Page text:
Cameramen and women discuss the craft and art of cinematography and of the "DP" (the director of photography), illustrating their points with clips from 100 films, from Birth of a Nation to Do the Right Thing. Themes: the DP tells people where to look; changes in movies (the arrival of sound, color, and wide screens) required creative responses from DPs; and, these artisans constantly invent new equipment and try new things, with wonderful results. The narration takes us through the identifiable studio styles of the 30s, the emergence of noir, the New York look, and the impact of Europeans. Citizen Kane, The Conformist, and Gordon Willis get special attention.Written by
Director Todd McCarthy had hoped to include an interview with the legendary cinematographer, John Alton, whose work is highlighted in the film, but could not locate him. Alton had quit the movie business after working on Elmer Gantry (1960), and for many years, even close friends didn't know his whereabouts, or if he was still alive. In 1992, McCarthy was shocked to receive a phone call from the now 91-year-old Alton, who had heard about Visions of Light (1992), and wanted to attend the premiere. Alton insisted that there was nothing mysterious in his disappearance, that he and his wife had simply decided to give up the movie business and travel a bit. They had lived in France, Germany, and Argentina, and had a great time. Alton died in 1996 at the age of 95. See more »
In movie documentaries, and in the public's awareness of movies, cinematography rarely gets much attention, however important it may be. Indeed, the public would probably never hear about the craft if not for the academic cover it provides for the Oscars ceremony; putting it in the award lineup gives those silly prizes some more serious technical credibility, as do editing and art direction. Thus when I heard about this obscure documentary, I was impressed that somebody would focus on this topic, and expected a viewing experience that would educate me (an interested film buff who isn't aspiring to be a filmmaker) more about this aspect of film-making. Unfortunately the documentary turns out to be more superficial. I thought "Visions of Light" would be more "illuminating" (pun not intended) and "enlightening" (pun intended).
The visual presentation mainly consists of a glut of shots from films over the years parading by in breathless fashion, and amounts to little more than celebratory name-dropping. These shots could've showed up in the context of some other documentary -- about directors, actors, or "great American films", for instance -- and it would've been much the same. Sometimes the montage is pointless. Why look at Quinlan strangle a guy in "Touch of Evil"? Is the cinematography more interesting for this particular shot? And what *did* the cinematographer or "DP" for "Do the Right Thing" do to convey the hottest day of the year through his photography? The documentary never makes this clear, and the clips from the movie become the random scenes of a promotional featurette.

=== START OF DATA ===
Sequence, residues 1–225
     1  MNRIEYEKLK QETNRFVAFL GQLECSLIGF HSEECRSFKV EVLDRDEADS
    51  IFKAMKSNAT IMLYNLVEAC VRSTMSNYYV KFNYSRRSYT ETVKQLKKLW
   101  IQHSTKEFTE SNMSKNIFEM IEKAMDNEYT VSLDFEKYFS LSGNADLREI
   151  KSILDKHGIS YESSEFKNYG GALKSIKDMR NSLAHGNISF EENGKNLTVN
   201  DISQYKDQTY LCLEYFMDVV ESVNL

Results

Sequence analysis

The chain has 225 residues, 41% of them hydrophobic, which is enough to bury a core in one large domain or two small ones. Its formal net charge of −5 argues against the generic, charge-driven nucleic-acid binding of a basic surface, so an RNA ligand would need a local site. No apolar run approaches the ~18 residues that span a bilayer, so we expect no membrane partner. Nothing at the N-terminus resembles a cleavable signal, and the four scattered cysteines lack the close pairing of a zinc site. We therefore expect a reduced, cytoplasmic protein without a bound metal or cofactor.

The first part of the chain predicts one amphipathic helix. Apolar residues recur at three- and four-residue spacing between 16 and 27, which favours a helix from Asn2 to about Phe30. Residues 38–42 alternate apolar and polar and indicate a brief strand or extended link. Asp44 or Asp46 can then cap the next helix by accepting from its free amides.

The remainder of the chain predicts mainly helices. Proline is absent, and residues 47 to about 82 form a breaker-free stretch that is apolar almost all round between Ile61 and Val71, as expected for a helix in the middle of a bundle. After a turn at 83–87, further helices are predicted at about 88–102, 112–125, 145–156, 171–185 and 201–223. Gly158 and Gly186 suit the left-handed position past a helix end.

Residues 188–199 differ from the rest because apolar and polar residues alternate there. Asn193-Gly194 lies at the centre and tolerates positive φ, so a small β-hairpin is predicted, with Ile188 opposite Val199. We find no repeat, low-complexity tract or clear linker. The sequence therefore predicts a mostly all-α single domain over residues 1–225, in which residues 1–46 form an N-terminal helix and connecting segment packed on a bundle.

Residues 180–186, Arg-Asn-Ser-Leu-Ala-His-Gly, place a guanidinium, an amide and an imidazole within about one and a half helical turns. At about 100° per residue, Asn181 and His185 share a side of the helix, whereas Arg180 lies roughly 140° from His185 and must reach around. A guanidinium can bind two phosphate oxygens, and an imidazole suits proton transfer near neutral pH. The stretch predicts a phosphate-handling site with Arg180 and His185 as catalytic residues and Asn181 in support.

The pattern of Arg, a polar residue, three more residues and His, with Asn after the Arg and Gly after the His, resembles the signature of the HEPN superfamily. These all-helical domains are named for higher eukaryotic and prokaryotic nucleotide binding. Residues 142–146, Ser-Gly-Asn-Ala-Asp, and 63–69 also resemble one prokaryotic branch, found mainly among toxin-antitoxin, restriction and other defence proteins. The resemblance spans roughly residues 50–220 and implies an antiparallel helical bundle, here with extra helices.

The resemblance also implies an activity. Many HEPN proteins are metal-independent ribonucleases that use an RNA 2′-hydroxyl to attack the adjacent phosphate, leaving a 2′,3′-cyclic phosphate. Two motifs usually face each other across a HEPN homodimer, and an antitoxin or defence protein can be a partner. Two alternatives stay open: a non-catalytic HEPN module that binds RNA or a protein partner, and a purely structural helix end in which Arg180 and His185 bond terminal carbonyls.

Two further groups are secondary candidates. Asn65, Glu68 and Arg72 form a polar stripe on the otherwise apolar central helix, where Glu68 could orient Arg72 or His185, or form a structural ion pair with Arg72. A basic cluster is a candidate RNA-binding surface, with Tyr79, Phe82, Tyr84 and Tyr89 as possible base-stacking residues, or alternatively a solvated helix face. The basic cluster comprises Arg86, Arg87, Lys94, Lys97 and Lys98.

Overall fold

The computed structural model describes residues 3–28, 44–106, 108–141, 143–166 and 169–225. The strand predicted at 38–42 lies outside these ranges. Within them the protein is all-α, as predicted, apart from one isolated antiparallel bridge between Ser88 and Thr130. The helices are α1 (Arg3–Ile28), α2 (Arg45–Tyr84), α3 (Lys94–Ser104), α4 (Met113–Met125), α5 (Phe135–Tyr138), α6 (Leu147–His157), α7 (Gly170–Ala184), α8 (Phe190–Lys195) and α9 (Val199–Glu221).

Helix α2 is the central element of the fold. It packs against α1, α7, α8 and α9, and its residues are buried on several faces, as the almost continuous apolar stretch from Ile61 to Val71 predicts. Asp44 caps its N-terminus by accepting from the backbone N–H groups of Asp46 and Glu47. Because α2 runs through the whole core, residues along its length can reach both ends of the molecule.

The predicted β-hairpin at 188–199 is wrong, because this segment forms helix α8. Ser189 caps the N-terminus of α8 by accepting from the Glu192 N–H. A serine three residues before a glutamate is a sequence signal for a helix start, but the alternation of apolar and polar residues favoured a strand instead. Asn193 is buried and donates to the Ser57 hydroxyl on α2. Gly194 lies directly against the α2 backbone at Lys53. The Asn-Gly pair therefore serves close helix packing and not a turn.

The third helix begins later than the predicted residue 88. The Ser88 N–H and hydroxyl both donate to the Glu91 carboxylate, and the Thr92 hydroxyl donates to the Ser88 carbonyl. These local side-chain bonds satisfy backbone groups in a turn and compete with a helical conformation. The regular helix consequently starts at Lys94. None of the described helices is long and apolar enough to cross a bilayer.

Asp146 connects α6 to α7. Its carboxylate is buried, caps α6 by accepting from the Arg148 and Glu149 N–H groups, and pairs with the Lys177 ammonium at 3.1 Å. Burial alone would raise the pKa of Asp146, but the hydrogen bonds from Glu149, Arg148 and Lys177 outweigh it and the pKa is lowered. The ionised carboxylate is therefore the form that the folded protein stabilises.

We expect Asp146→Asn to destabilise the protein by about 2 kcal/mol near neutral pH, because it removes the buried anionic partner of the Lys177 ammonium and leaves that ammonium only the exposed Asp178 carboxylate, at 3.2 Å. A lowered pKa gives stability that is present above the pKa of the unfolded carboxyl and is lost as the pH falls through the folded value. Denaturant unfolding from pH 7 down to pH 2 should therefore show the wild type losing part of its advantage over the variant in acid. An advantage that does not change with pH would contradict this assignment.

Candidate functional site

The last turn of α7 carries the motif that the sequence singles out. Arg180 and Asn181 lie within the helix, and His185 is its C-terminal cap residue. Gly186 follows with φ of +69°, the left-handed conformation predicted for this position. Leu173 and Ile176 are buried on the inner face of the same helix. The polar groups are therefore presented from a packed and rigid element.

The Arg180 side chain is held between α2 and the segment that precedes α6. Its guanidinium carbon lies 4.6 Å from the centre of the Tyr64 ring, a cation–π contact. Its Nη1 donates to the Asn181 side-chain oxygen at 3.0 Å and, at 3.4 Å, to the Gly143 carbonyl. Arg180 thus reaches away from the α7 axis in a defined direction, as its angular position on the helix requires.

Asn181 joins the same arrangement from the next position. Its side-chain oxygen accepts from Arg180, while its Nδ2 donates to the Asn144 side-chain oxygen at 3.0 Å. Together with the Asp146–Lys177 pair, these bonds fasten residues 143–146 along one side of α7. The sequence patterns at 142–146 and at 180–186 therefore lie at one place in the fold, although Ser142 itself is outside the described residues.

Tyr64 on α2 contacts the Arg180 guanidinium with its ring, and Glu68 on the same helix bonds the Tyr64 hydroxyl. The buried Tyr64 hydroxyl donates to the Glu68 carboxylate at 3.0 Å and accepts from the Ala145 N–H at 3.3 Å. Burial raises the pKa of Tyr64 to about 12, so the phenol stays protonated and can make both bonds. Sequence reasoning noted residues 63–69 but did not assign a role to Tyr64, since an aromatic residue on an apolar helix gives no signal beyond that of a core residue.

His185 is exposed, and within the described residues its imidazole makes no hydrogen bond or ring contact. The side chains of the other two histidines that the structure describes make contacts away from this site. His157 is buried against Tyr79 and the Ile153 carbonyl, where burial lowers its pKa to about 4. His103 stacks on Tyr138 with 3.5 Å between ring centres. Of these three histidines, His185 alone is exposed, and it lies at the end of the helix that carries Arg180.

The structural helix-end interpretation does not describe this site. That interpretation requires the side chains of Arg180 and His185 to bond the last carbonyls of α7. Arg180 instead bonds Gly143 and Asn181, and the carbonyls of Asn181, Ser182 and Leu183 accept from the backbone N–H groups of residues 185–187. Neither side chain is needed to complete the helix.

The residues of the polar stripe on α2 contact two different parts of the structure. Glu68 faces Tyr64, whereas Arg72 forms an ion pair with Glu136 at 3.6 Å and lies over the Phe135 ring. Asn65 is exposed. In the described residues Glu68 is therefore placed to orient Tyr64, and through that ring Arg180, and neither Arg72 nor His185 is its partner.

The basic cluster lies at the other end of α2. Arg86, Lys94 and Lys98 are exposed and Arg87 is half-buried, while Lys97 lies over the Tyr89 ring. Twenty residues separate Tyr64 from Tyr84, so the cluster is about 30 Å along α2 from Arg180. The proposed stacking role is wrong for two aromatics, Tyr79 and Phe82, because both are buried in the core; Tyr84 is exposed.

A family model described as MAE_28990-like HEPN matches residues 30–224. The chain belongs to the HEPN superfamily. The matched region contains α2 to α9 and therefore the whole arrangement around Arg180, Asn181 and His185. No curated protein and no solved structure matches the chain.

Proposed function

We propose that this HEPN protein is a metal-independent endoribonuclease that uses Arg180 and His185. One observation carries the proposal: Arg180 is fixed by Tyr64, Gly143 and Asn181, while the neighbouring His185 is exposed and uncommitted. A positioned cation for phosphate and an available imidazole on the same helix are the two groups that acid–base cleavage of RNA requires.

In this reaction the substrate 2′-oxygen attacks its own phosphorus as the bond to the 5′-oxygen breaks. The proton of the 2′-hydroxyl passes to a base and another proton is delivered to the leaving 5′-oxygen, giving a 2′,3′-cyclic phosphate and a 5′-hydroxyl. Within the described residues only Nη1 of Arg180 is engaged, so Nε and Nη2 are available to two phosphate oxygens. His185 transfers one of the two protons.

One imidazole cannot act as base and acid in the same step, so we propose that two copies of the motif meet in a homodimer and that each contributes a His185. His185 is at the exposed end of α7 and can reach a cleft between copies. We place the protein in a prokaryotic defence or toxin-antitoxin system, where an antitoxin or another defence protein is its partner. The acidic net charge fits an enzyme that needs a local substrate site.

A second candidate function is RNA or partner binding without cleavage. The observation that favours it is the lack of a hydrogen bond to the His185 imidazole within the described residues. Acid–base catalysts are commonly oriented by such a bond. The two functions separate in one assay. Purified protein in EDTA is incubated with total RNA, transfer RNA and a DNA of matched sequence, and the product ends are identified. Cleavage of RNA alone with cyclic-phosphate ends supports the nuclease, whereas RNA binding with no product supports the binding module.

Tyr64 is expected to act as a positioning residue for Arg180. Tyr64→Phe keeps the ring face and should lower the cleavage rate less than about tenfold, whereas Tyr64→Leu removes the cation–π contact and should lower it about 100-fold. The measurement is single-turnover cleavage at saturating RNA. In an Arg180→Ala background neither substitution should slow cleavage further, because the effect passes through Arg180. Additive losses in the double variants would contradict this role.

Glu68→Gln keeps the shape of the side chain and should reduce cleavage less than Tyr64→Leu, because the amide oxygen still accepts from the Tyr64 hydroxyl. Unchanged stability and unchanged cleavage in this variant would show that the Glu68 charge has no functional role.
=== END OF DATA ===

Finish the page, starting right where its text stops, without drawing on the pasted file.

What the documentary cares to teach us is not technical enough; the show reiterates that DPs employ light and shadow to construct a shot. Okay, well, I knew that already. We glimpse many DPs chatting with the interviewer about their craft, but often their talking is just anecdotes or "Oh, what an eye-catching scene that old master made!" I wished to learn: What kind of process goes into shooting a scene? What kind of buttons and dials does the cameraman manipulate? Could we have seen some videos or animations of cameras, lights, and other devices in action? Likewise, there is no narrator to flesh out the history and technique of cinematography; we mainly hear the DPs reminiscing.
There is only scattered discussion of a few techniques used on a few films. It was intriguing to hear Michael Chapman mention how Paul Schrader's script for "Taxi Driver" was very visual and helpful for guiding his work. I would've liked to hear more about how the DP collaborates with the screenwriter, director, and other filmmakers, not just that Orson Welles was impressed by Gregg Toland, for instance.
A few humorous moments include (1) Chapman observing how both he and Martin Scorsese talk rapidly, which made discussing films with each other easier; (2) Gordon Willis making a pompous fool of himself by casually comparing himself to Rembrandt.
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